Nightly News   |  March 20, 2014

Record-Breaking Winter: Economy Takes $55 Billion Hit

Winter broke both records and budgets, with cities battling potholes, and businesses absorbing costly damages.

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>>> back in this country, some hard evidence of a hard-hit drought in the west. tonight, new stats show it now covering a staggering 99.8% of the state of california . this of course raises even more concerns about the threat of wildfires as temperatures now begin to climb in the months ahead. even though another storm is on the way next week winter is now officially over. but long after the snow melts, many people across this country will be paying the price for it. we get more tonight from nbc's kevin tibbles.

>> reporter: long, cold and costly, the winter of 2014 broke records and budgets. call it frozenonics, a $55 billion hit to the economy. we decided to hit the road to see just how tough and costly this winter has been. a christmas ice storm devastated east lansing , michigan, and sent a tree crashing into this man's house, repairs? $30,000.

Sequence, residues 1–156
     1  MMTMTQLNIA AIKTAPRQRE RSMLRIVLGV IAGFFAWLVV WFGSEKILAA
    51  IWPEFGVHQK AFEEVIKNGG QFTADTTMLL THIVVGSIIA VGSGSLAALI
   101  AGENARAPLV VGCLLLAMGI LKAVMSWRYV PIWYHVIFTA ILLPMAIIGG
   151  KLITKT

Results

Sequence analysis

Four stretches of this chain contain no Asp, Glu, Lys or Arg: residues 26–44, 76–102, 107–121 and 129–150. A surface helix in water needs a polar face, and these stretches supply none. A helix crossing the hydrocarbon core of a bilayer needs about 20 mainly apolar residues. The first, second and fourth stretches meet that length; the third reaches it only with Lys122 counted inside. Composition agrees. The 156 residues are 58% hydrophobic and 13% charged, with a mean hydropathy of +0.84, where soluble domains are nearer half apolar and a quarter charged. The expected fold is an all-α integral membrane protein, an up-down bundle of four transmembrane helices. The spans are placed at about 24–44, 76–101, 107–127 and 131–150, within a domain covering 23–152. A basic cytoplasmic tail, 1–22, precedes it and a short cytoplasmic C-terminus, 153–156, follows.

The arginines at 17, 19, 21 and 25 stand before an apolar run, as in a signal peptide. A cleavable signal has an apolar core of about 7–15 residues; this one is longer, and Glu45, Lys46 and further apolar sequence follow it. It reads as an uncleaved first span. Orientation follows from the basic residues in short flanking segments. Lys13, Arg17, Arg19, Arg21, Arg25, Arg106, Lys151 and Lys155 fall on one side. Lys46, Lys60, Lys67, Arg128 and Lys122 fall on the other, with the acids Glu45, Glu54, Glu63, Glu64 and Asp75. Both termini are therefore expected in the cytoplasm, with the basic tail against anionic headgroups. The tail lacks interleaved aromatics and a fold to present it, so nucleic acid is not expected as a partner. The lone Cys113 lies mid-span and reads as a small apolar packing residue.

>> it will be over three or four months before we get back on track.

>> reporter: and that all takes a toll on his young family. what has been the hardest part for you.

>> not having any floors with a toddler who wants to put her face on everything.

>> reporter: 5.5 in damage to homes and infrastructure. and cities will battle the scourge of potholes for months, more than 30,000 alone in toledo, ohio, no wonder they're calling it holy toledo .

>> we have many potholes.

>> reporter: this family has been making asphalt for four generations.

>> we've never been open this early before.

>> reporter: in chicago it snowed again today. after 80 inches of snow in chicago this winter and 28 degrees below zero locals feel like they have been digging out forever.

>> i think it will stay winter at least for another month. that is what it feels like today.

>> reporter: but just to make sure the boys of summer won't have to wait, industrial-sized hair dryers at white sox park , no matter how cold it is, hope like a baseball field springs eternal. kevin tibbles, toledo.